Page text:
NATION IN BRIEF
NATION IN BRIEF
After Withdrawing Offer, UC-Irvine Names Liberal Scholar as Dean of Law School
IRVINE, Calif. -- The University of California at Irvine again appointed Erwin Chemerinsky as dean of its new law school on Monday, nearly a week after the university chancellor withdrew a job offer to him.
Chemerinsky, a liberal legal scholar and commentator on constitutional law who recently represented exposed CIA agent Valerie Plame, was offered the position again after talks with UC-Irvine Chancellor Michael V. Drake over the weekend.
His appointment must be approved by the UC Board of Regents.
Chemerinsky has said Drake told him the offer had been withdrawn Sept. 11 because some regents were concerned about his politics. Drake has insisted that Chemerinsky did not lose the post because of his politics, but several faculty members accused the chancellor of quashing academic freedom and called for his resignation.
Chiquita to Pay $25 Million to Settle Terrorism Charges
A federal court ordered Chiquita Brands International Inc. to pay a $25 million fine to settle charges that it did business with a terrorist organization in Colombia, a company spokesman said. Chiquita agreed to the fine when it pleaded guilty in March to paying protection money to Colombian paramilitaries from 2001 to 2004. A company spokesman said Chiquita paid the first of five annual installments on the fine. The plea follows the Justice Department's decision last week not to prosecute anyone in the company's management.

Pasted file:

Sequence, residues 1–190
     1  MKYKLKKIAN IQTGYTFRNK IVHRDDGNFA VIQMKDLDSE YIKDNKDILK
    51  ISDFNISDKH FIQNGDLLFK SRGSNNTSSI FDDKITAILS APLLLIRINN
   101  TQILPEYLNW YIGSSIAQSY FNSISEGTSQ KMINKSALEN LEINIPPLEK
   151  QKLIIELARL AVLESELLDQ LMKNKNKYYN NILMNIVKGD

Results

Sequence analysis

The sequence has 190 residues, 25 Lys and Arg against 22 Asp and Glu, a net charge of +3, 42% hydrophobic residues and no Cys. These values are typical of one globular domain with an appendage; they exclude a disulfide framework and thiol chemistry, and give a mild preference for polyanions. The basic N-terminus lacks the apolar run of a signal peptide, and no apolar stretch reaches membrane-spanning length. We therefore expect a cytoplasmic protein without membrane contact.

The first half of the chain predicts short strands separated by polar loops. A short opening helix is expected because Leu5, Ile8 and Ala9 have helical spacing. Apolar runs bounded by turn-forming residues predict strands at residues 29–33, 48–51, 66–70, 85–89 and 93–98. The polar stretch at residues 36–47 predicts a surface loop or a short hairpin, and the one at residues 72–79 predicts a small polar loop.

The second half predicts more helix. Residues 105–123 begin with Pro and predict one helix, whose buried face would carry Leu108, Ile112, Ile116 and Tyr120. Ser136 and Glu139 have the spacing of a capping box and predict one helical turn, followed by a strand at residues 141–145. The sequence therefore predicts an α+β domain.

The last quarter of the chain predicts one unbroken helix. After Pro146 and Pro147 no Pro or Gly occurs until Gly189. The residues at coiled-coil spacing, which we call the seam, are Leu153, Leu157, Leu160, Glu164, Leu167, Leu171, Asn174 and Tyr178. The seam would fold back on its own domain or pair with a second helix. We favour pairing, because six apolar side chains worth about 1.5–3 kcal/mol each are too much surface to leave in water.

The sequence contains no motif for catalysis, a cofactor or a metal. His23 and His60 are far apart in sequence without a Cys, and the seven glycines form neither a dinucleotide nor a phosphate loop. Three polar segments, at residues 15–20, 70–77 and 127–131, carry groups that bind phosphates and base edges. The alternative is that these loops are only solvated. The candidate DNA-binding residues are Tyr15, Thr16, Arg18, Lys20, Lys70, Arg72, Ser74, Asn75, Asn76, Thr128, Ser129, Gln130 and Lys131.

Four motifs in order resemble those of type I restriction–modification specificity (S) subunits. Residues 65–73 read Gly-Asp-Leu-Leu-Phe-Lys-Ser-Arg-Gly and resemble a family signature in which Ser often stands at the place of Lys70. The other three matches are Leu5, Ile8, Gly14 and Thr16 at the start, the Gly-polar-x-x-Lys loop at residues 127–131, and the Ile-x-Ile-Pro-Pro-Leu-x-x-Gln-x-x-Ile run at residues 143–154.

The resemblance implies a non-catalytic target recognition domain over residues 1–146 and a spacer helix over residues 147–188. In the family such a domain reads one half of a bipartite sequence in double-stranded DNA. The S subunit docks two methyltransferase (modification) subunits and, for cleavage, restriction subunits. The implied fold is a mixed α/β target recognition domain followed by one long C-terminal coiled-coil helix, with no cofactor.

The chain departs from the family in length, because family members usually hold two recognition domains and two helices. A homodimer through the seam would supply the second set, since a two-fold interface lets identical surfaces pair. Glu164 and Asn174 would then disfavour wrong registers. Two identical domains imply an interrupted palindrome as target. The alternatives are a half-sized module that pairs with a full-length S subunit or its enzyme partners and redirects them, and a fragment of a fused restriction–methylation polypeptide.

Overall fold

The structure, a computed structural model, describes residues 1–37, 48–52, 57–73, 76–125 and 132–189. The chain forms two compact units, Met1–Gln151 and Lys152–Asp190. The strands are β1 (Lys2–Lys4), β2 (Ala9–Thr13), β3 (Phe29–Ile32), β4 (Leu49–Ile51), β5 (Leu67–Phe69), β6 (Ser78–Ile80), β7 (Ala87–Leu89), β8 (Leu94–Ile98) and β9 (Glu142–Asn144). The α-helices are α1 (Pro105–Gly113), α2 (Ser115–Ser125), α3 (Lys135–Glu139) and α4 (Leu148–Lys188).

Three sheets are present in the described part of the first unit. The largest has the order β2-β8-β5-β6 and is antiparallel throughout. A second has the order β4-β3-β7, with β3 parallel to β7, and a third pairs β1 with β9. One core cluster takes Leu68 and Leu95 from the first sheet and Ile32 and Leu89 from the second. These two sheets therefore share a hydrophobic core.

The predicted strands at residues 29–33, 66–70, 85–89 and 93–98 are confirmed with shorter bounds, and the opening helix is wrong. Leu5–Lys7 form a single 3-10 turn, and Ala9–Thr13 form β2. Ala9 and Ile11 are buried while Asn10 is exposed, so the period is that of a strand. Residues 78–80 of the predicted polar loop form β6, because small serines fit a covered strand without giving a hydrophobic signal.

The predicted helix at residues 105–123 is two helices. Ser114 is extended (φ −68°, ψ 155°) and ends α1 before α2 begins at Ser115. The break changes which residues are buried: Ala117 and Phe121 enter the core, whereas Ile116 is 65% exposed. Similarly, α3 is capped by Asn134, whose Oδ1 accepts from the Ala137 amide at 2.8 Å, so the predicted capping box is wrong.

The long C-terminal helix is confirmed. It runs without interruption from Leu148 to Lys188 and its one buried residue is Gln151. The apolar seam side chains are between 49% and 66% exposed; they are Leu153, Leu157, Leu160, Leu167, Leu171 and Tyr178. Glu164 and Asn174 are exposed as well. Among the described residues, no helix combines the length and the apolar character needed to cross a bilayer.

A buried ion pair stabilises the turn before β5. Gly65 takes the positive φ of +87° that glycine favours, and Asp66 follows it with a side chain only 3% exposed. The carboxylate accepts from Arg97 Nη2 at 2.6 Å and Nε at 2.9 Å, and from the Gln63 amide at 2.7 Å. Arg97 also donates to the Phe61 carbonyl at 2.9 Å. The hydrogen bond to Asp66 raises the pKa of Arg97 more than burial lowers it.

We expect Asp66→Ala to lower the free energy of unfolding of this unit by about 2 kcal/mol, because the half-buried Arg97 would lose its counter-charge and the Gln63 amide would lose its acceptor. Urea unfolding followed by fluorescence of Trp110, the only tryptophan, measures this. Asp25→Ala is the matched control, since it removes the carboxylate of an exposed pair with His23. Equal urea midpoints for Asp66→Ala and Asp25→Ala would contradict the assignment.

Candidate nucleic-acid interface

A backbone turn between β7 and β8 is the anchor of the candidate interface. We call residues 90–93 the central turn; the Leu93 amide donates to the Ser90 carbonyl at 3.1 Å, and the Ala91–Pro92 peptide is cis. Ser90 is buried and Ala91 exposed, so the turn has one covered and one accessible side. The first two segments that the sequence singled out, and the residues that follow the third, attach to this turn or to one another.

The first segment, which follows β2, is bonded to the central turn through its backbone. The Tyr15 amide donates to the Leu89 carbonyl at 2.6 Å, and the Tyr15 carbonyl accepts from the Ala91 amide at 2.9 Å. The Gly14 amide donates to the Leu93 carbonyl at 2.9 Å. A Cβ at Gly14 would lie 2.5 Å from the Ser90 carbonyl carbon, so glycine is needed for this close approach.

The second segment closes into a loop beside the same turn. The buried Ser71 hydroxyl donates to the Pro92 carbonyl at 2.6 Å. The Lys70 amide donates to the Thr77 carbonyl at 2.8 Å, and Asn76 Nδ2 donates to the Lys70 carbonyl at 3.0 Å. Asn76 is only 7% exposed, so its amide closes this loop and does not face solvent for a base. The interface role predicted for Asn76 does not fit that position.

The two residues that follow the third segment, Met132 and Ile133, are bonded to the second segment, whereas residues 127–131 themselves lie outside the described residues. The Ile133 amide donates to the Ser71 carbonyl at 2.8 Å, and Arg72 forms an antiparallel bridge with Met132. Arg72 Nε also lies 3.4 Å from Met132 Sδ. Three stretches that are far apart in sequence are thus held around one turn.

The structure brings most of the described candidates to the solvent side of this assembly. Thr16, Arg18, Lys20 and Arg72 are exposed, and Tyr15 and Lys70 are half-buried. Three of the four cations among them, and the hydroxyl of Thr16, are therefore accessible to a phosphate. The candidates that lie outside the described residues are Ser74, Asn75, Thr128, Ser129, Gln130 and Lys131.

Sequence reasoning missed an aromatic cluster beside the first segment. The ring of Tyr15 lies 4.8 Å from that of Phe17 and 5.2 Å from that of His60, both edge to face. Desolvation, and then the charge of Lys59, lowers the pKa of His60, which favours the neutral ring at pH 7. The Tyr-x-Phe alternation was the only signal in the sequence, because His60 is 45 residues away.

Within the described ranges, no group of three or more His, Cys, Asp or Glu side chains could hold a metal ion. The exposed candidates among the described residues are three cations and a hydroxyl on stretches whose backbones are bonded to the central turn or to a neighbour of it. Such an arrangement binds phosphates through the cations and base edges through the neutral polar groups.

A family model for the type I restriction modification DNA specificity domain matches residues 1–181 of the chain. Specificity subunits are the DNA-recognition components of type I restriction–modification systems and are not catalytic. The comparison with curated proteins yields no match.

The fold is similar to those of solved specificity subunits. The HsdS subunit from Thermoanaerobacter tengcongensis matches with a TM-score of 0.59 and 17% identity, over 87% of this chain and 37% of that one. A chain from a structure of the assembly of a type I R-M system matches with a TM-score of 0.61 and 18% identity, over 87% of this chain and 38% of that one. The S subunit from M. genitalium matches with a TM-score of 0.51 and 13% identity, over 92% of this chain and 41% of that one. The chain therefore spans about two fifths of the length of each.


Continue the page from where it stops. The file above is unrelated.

Drug Lord Accepts Life Sentence in Plea Deal
SAN DIEGO -- Francisco Javier Arellano Felix, a notorious Mexican drug lord, pleaded guilty to federal crimes that carry a mandatory life sentence, reaching a deal that spares him execution. Arellano Felix, 39, pleaded guilty to running a continuing criminal enterprise and conspiracy to launder money. He agreed to forfeit $50 million and the yacht on which he was captured while deep-sea fishing off Mexico last year.
Minnesota Congressman Ramstad Won't Seek Reelection
Rep. Jim Ramstad (R-Minn.) will not seek a 10th term, saying he is "burned out" after splitting his time between his home and Washington for nearly two decades. Ramstad, the senior Republican in his state's delegation, has carved out a moderate record -- voting with liberals on social issues and siding with conservatives on fiscal issues.
-- From News Services